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Mann: Rescue of Soviet Jews is Pre-eminent Task of U.S. Jews

November 17, 1981
See Original Daily Bulletin From This Date

“The rescue of Soviet Jewry is the pre-eminent task of this generation of American Jews,” Theodore Mann, chairman of the National Conference on Soviet Jewry, told the more than 2,500 representatives from the United States and Canada attending the 50th General Assembly of the Council of Jewish Federations.

In the near future, Mann said he expects relations between the U. S. and the Soviet Union to improve, particularly with respect to trade, and here is the chance for American Jews to seek assurance that the Reagan Administration will link the issue of Soviet Jewish emigration to any negotiations.

Whether or not American Jews are able to take advantage of this opportunity depends on two factors, Mann observed. “We have got to be certain that the Administration is attuned to our issue and will give it prominence in its negotiations with the Soviet Union,” he said, and “the American Jewish community must be seen by the Soviet Union as an important and influential part of the American electorate.”

Continuing, Mann said that “Our political power depends upon a perception in Washington that we are united on a certain issue” and that this is an issue “of overriding concern to the community.” Representatives and Senators, as well as the President, must “believe that millions of Americans really care about the safety of these two or three million Jews left in the Soviet Union,” Mann said. He noted that emigration dropped last month to a decade low and that “there have been more arrests in the last five months than in the last five years.”


Jacqueline Levine of Metropolitan New Jersey, outlined four recommendations for action by American Jews: Jews and non-Jews must be mobilized for one million signatures on petitions to be presented to Soviet President Leonid Brezhnev concerning the plight of Soviet Jews; “emergency conferences” need to be held to publicize the desperate situation of Jews in the USSR and it is imperative that there be a record attendance at the Women’s Plea for Soviet Jewry, planned for next month in communities around the country; it is important that there be visits to Soviet Jews by well-informed American Jewish leaders, along with regular letters and telephone calls to boost the morale of refuseniks; and there must be political action.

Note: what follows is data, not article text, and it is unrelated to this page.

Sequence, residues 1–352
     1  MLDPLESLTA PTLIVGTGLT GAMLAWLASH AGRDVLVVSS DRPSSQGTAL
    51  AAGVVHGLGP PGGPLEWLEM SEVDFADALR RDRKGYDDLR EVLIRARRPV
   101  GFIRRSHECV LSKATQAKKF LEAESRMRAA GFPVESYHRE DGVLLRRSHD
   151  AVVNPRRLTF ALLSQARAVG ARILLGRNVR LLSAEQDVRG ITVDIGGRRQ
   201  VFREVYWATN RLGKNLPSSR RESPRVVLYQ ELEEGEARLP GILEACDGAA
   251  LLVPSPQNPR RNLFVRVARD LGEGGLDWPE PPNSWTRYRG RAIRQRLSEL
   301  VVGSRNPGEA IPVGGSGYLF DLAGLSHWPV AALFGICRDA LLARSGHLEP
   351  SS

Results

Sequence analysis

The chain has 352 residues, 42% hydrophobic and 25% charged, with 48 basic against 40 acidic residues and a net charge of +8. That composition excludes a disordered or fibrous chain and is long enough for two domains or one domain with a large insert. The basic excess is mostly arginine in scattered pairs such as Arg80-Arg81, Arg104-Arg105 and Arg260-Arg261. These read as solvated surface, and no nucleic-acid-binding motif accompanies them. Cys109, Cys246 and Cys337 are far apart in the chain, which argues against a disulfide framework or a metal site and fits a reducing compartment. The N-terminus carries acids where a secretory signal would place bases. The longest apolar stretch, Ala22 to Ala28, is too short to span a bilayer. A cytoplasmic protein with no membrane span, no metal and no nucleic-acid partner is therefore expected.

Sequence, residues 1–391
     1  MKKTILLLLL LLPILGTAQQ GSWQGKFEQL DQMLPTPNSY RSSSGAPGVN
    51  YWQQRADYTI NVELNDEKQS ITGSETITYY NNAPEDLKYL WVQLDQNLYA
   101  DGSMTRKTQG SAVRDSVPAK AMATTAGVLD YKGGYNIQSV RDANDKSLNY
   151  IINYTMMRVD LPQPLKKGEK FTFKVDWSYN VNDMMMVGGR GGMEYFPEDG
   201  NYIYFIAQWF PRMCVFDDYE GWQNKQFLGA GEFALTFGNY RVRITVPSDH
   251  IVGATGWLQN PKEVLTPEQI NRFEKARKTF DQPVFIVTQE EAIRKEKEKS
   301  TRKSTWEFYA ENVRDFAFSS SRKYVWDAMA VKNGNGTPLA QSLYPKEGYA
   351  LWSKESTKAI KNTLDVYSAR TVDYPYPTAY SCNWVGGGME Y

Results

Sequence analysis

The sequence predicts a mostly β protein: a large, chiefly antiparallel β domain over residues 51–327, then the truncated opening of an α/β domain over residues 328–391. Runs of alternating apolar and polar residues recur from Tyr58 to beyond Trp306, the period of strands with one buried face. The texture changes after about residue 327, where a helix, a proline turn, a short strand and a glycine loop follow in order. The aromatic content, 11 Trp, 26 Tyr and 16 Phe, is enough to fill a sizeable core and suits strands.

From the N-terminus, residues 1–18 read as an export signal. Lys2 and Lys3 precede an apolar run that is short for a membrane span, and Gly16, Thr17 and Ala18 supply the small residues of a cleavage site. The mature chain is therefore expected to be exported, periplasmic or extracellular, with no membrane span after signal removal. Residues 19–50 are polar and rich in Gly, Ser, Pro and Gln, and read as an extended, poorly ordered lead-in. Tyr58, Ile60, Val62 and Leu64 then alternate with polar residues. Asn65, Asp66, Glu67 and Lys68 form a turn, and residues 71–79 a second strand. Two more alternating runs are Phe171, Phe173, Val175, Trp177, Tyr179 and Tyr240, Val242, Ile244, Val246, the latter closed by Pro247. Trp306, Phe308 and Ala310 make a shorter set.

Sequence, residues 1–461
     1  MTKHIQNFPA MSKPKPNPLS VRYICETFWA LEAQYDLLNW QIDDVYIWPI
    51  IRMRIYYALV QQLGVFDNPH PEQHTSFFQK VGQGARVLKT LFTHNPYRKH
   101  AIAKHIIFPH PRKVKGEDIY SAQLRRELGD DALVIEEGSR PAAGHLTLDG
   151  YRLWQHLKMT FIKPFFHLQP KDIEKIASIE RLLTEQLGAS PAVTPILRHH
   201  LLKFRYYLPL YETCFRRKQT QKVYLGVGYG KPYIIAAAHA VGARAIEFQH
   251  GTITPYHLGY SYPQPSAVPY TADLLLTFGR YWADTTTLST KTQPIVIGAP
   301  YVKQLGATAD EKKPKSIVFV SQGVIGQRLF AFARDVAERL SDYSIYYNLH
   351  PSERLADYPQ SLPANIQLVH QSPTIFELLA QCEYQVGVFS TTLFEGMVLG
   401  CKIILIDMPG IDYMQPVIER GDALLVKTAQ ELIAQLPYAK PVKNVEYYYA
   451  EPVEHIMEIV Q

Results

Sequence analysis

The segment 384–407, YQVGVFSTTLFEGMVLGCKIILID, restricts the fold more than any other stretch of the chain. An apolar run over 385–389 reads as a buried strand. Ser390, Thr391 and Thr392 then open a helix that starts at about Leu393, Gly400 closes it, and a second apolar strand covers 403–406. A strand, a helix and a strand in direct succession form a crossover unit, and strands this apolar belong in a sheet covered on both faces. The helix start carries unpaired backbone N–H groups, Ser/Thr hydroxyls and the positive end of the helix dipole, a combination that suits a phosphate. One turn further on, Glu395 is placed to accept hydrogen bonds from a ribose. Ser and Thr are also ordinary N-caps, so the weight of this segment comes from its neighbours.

“The Soviet Union and the United States are locked in a political contest, and in that contest the Soviet Jews are hostages,” Ms. Levine said. “Moscow is our target, while Washington is our instrument.” She concluded by stating that “We must raise the level of our voices,” along with “the frequency and forces of our activities” to help secure renewed emigration from the Soviet Union.

Echoing the need for American Jewish action on behalf of Soviet Jewry, Dr. Yuri Stern, a former Soviet Jewish activist who emigrated to Israel last April with his wife and two children, said that “without this support, we are lost.” He noted that Soviet Jews are not only subjected to discrimination, but to assimilation. Along with drastically slowing emigration,

the Soviet authorities also are suppressing all those who try in any way to live as Jews, Stern said.

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